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May 12, 2016

All Packed Up and Ready to Go


Packed’s dumplings lacked originality. Now Packed is sacked.

Courtesy of Karyn Peyton

My first visit to the recently opened, and now recently closed, Packed: Dumplings Reimagined was full of expectations. I put aside my traditionalist views on dumplings and was ready to embrace the vision of Chef Mike Sheerin and Aaron DiMaria’s new, sustainably sourced, “farm-driven” fast food joint.

While ordering at the cash register and browsing the menu, I couldn’t help feeling the indignant insecurity in DiMaria’s manner, almost desperate to defend the unconventional dumpling fillings. This was off-putting, as I was genuinely willing to give each one of the dumplings a try. After all, Mike Sheerin, once Chef de Cuisine at Paul Kahan’s Blackbird, was supposedly behind these dumplings, so I had to pay my respects.

However, the reality was that the beautiful produce and proteins that Packed sourced were not handled well. Their Peking Duck dumpling punched the palate with ginger, and their Pastrami reeked of salty whole-grain mustard. Their take on macaroni and cheese was a lazy combination of udon noodles and sticky queso cheese, unsalvageable even with toppings of raw jalapeños and stale dried shiitake. Lackluster food was compounded by a dent in my wallet and small portion sizes to create an extraordinarily mediocre experience.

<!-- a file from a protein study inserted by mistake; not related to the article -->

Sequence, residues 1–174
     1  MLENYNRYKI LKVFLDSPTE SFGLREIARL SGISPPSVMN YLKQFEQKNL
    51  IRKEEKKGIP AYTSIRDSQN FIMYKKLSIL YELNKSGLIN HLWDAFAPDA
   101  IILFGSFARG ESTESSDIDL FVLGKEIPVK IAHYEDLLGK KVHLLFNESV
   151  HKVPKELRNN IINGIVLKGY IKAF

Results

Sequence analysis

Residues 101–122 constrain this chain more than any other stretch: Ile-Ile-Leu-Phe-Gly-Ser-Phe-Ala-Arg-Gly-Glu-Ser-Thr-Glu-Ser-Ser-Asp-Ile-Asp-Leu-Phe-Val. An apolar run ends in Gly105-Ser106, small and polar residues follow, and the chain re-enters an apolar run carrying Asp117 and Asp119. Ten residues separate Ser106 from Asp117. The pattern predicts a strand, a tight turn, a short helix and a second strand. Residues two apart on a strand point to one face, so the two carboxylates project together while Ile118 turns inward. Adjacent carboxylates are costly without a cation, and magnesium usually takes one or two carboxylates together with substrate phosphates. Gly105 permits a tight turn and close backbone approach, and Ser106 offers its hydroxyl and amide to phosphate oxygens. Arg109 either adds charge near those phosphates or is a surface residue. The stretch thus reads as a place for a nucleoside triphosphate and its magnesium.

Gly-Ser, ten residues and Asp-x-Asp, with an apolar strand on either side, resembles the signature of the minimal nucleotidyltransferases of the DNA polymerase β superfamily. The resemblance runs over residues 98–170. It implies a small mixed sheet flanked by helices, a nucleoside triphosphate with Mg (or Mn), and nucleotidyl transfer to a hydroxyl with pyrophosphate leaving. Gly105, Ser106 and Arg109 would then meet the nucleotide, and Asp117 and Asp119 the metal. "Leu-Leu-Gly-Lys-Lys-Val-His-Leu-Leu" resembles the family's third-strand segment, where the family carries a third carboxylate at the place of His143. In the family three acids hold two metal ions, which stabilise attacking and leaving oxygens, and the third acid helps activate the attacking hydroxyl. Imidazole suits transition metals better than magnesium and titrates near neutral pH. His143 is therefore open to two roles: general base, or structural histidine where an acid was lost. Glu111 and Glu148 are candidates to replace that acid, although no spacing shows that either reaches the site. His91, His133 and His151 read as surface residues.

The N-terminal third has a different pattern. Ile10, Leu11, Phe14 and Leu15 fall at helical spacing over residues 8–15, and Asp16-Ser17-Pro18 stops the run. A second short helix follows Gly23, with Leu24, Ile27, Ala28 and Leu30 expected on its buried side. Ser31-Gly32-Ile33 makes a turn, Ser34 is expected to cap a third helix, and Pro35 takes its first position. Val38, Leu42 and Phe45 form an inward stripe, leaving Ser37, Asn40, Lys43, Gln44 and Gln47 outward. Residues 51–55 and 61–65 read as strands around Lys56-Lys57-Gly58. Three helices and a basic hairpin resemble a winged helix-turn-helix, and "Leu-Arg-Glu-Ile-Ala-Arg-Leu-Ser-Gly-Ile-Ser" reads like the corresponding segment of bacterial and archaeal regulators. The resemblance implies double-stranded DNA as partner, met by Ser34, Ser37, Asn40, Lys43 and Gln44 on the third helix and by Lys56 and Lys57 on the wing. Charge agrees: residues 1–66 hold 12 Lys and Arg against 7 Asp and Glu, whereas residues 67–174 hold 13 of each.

To reiterate, I’m not opposed to innovative interpretations of traditional cuisines. Whether a Chinese dumpling, Polish pierogi, or Italian ravioli, this food form—things sealed in dough and then cooked—serves a few key functions that must not be screwed up.

The dough must be properly cooked. Notes of raw flour are not welcome.

There must be some flavorful liquid. I don’t care if it’s gooey cheese or porky soup, this is the dumpling’s quintessential trait.

The filling needs to be seasoned well. You have one chance to salt the product you want to showcase, and that is before cooking. No sauce or extra salt and pepper atop the finished product is going to redeem an under-seasoned filling.

Packed violated all three of these criteria. What was termed as “reimagined” consisted mostly of familiar, even clichéd flavor combinations inconsiderately sealed in dumpling wrappers. Did the corn dog really need to be in dumpling form? The Spicy Meatball Dumpling was pleasant, but I would have been just as happy with two succulent meatballs.

Sheerin and DiMaria weren’t working the same magic as Roy Choi with the Kogi Truck in Los Angeles or Eddy Huang with Bauhaus in New York. More often than not, the pursuit of reimagination and/or cultural fusion will please neither trendy foodies nor purists.

Packed’s colorful website, sleek wooden decor, and avid social media managers dialed into the millennial aesthetic: fast, trendy, and environmentally friendly. Both Packed’s opening and premature closing gathered a considerable amount of attention, which is a testament to its customers’ faith in its mission. Packed wasn’t inherently doomed, just badly executed.

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